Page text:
Rupaul Charles, America’s most famous drag queen, sat on a gold lamé couch at a luxury hotel in Midtown Manhattan one Tuesday in March, doling out advice for the white working class. Wearing a patterned suit jacket and black slacks—one of his signature out-of-drag looks—he made a hand motion to suggest widgets being moved from one part of an assembly line to the next.
“If you were a factory worker and your job was to put this to this from 9 to 5, we don’t do that anymore,” he said, his soft voice carrying the imperious, jokey edge familiar to viewers of RuPaul’s Drag Race, his reality-TV show. Then he referenced a viral video from Ts Madison, a transgender activist and former porn star: “You better step your pussy up. Get on a business, bitch!” He delivered this spiel with the clipped, decisive tone of a therapist on the clock. “Nature will not allow you to just sail on through doing some factory job,” he said. “We don’t do factories anymore.”
At 56, RuPaul is in little personal danger of being phased out; he is, to the contrary, one of gay pop culture’s most enduringly relevant figures. Over the past quarter century, he has done more than anyone to bring drag to the American mainstream. At the same time, he has used his platform to act as life coach to the queer masses, counseling self-love and hard work to combat social stigma and inner doubt. (Catchphrase: “If you can’t love yourself, how in the hell you gonna love somebody else?”) But lately, thanks to political developments, this inspirational package has come with a dose of indignation, and a sharpened sense of social purpose.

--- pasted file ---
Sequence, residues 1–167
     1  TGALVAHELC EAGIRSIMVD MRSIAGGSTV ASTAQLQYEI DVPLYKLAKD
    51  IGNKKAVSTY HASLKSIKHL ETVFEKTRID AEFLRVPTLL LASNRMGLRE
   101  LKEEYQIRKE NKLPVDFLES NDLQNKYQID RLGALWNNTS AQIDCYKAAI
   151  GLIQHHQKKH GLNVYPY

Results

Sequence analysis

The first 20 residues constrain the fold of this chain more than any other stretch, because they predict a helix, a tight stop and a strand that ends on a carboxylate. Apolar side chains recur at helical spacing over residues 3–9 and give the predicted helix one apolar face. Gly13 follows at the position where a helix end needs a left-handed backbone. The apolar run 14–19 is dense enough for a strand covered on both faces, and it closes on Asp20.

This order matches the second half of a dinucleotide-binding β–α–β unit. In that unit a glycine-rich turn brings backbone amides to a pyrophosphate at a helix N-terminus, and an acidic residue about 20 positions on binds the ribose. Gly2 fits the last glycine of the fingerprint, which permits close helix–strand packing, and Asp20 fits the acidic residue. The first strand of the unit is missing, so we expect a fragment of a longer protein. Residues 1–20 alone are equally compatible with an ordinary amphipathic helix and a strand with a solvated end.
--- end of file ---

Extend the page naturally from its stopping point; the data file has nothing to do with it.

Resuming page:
The rejection of a woman president n favor of a man whose supporters rail against “cucks” gives drag new salience.
In November, RuPaul tweeted that he was “finding it hard to carry on ‘business as usual’ after America got a giant swastika tattooed on her forehead,” and he told New York magazine’s Vulture website that Donald Trump’s win felt “like the death of America.” By the time I met up with him in March, right before the premiere party for Drag Race’s ninth season, his mood had improved considerably, but his focus was still on the political scene. “My optimism is back. I understand what it is we must do,” he said. “We’re going to mobilize young people who have never been mobilized, through our love of music, our love of love, our love of bright colors.”
Such mobilization would seem to already be in progress, thanks to Drag Race. Tuning in is like entering a fluorescent cocoon of camp, where men who perform as women battle in a wild reimagining of Project Runway. Launched on Logo, Viacom’s queer-focused network, in 2009, the show is ubiquitous in many gay-friendly circles; this spring, it moved to VH1, in a bid to bring drag to a wider audience.